With the Fourth of July coming up, here's a great idea: Let's round up and deport some illegal house-painters, mess up their families, scare their children and make anyone else with brown skin generally uncomfortable about being here. Let's send a clear message: The great American melting pot was swell when the resulting fondue was mostly white; now that it's turned toward brown, we're going to stop adding ingredients.
On Monday, 75 federal agents and 50 Anne Arundel County police officers conducted an early-morning raid on an Annapolis painting company and about 15 homes. The federales and police detained 45 men and women suspected of being illegal immigrants.
Suddenly we have a safer world. Many of these suspects were probably armed with putty knives, paint scrapers, rollers and brushes. It might not seem like much - 45 illegals randomly selected out of an estimated 12 million illegal immigrants from sea to shining sea - but it's a good start.
John Leopold, the Republican Anne Arundel County executive, says, "Illegal means illegal in Anne Arundel County," and, literally speaking, it's impossible to argue that point. But there was a time, not long ago, when the government basically looked the other way.
Everyone knew this cheap labor force existed; no one did much about it. There was a time, when most of us, Republicans and Democrats, bragged about and celebrated the fact that so many of the world's poor and oppressed wanted to come here. In the past two decades, this whole matter has been politicized, and undocumented workers demonized, by politicians who exploit fears and prejudices.
But aside from Republican hard-liners, the reactionary talk-show crowd, the alien-obsessed and various bigots, most Americans do not see this as such a black-and-white (or brown-and-white) issue, and they do not see the vast majority of foreigners trying to make a life here as threats to the democracy. They don't see 12 million deportations as plausible or desirable.
"We cannot build a unified country by inciting people to anger, or playing on anyone's fears or exploiting the issue of immigration for political gain," George W. Bush said in 2006, when he proposed a common-sense compromise for the nation's illegal residents - a "path to citizenship" for those who are already here and tougher enforcement along the boarders. Of course, a bipartisan effort to get that proposal through Congress collapsed, and we still have a mess of an immigration policy.
Here's an example of how messed-up it is: While the immigration federales are out to round up illegals, there is another branch of government more than happy to take their money and share it with the rest of us.
Many Americans - I would wager, the majority of Americans - probably believe that the millions of undocumented workers are part of an underground economy that delivers no tax revenue while extracting gobs of benefits from our social services system. But most illegals pay taxes. In fact, experts believe they've paid billions in taxes and helped to shore up Social Security for the rest of us.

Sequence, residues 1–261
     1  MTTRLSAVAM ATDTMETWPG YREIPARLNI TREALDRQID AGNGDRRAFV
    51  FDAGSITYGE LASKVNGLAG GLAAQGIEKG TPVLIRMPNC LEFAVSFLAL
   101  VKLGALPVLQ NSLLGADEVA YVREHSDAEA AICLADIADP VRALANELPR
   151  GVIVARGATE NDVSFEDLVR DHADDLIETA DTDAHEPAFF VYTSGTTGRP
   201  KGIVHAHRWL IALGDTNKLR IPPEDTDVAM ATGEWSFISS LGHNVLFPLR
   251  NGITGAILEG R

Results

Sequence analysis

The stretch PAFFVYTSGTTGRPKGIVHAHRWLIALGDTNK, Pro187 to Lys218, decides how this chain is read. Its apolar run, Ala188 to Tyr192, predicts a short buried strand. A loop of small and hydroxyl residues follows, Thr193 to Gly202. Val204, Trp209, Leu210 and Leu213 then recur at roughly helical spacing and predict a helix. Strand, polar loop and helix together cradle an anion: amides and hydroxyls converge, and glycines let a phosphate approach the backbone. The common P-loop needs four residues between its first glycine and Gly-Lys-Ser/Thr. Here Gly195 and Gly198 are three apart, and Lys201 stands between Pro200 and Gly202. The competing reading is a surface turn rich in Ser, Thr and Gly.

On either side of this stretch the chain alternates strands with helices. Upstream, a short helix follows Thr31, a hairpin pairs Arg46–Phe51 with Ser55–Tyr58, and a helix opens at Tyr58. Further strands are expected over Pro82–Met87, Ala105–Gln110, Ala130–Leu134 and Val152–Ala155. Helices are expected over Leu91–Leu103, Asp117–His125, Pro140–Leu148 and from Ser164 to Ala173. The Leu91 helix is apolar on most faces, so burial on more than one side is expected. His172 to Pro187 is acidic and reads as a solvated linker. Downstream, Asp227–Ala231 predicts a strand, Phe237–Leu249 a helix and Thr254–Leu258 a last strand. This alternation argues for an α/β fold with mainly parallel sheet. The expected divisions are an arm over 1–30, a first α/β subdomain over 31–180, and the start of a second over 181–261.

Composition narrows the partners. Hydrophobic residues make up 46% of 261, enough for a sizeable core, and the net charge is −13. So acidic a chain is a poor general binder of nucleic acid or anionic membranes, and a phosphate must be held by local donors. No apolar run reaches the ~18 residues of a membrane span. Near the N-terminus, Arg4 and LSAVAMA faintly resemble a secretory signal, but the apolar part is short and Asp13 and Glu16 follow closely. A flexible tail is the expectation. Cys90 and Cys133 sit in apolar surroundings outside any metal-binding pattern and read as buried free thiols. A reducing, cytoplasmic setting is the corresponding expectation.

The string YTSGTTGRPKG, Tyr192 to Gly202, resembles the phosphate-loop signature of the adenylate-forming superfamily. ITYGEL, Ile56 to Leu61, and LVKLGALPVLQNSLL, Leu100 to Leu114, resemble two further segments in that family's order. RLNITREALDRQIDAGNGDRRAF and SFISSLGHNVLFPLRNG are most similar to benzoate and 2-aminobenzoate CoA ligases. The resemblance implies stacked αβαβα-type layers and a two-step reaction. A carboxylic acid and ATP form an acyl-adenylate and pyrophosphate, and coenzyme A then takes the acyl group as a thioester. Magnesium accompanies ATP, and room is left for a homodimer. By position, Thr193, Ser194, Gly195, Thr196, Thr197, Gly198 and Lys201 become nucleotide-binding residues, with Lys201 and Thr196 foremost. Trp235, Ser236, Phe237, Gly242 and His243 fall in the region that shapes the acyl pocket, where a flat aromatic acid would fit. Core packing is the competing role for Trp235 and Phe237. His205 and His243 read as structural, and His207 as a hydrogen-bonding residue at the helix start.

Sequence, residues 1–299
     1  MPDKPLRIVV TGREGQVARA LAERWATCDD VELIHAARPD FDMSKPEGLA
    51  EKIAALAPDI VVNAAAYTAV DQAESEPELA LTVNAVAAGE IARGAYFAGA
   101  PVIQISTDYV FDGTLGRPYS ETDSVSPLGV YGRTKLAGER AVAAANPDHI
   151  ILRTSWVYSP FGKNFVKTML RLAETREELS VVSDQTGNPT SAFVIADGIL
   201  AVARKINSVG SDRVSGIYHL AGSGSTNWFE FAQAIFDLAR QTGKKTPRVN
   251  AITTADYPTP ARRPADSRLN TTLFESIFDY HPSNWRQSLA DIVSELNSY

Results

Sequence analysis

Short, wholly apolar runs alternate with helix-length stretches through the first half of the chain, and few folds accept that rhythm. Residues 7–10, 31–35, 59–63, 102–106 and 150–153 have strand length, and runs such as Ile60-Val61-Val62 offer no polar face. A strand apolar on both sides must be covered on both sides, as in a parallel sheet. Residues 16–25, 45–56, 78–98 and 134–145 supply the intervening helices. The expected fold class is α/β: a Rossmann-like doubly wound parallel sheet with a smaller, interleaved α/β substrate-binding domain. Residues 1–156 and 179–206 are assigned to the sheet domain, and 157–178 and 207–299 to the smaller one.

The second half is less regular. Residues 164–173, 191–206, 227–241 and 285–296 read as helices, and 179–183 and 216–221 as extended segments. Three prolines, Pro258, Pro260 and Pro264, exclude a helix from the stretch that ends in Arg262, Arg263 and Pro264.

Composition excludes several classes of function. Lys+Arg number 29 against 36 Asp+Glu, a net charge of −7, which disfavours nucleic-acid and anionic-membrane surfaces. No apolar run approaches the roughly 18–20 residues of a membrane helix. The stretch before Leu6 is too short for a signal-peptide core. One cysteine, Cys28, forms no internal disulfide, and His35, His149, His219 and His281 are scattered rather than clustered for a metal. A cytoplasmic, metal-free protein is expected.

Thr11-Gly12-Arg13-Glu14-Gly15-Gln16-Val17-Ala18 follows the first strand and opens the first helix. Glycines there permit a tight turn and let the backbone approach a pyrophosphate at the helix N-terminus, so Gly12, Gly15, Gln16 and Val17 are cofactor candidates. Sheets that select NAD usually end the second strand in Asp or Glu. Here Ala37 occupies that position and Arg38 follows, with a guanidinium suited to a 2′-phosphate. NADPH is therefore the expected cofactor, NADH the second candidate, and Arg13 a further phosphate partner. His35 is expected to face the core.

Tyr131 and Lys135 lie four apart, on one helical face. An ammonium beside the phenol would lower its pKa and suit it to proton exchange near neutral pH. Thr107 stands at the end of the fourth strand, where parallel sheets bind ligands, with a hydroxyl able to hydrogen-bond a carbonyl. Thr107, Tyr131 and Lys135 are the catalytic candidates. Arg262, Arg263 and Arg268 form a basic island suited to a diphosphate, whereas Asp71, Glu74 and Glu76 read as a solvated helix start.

This explains why we don't see Internal Revenue Service agents chasing Guatemalan drywall-hangers through alleys in Baltimore.
Since 1996, foreigners have been able to obtain an Individual Taxpayer Identification Number. Illegal immigrants have snapped up the vast majority of these ITINs and lined up to file tax returns in record numbers. "We have a financial literacy program, and every month we see an increase in applications for ITINs," says Kim Propeack of Casa de Maryland, the nonprofit group that supports immigrants here.
In 2001, then-Fed Chairman Alan Greenspan estimated that undocumented immigrants paid about $70 billion annually in taxes and received about $43 billion in government services. Revenue has grown since then. Between 2004 and 2005, the number of tax returns filed with ITINs jumped 30 percent, according to The New York Times. There was another spike in ITINs in 2006. In 2005, the Times estimated that undocumented workers contributed about $7 billion to the Social Security system. Three months ago, the trustees of the SSA noted the importance of revenue from "other than legal" workers, many of whom are young and won't be around to collect federal retirement benefits.
A Times editorial asked: "Would the people who want to deport all undocumented workers be willing to make up the difference and pay the taxes that the undocumented are currently paying?"
I asked Propeack, Casa's director of community organizing, why illegal immigrants would want to get ITINs - or even phony Social Security numbers - and pay taxes at a time when the feds are trying to round them up and deport them.
She said undocumented workers want to show a record of having paid taxes when - or if - they are allowed to apply for legal status or even citizenship. "Most [undocumented workers] hope that someday there's a program in the United States that will allow them to become citizens," Propeack says. "And they want to be able to show that they are a person of good moral character, and paying your taxes is a big part of that, one of the first things [naturalization officials] look at.
"There are some clear areas where expenses are associated with the undocumented," Propeak says. "Emergency room visits, for instance. ... K-through-12 education. But still, at the end of the day, they are ineligible for every other government program you can name. Every piece of research on this shows that [undocumented workers] are paying far more than their fair share."
They even help pay for the federal agents who raid their houses and scare their children.
Dan Rodricks can be heard on "Midday," Mondays through Thursdays, noon to 2 p.m., on 88.1 WYPR-FM.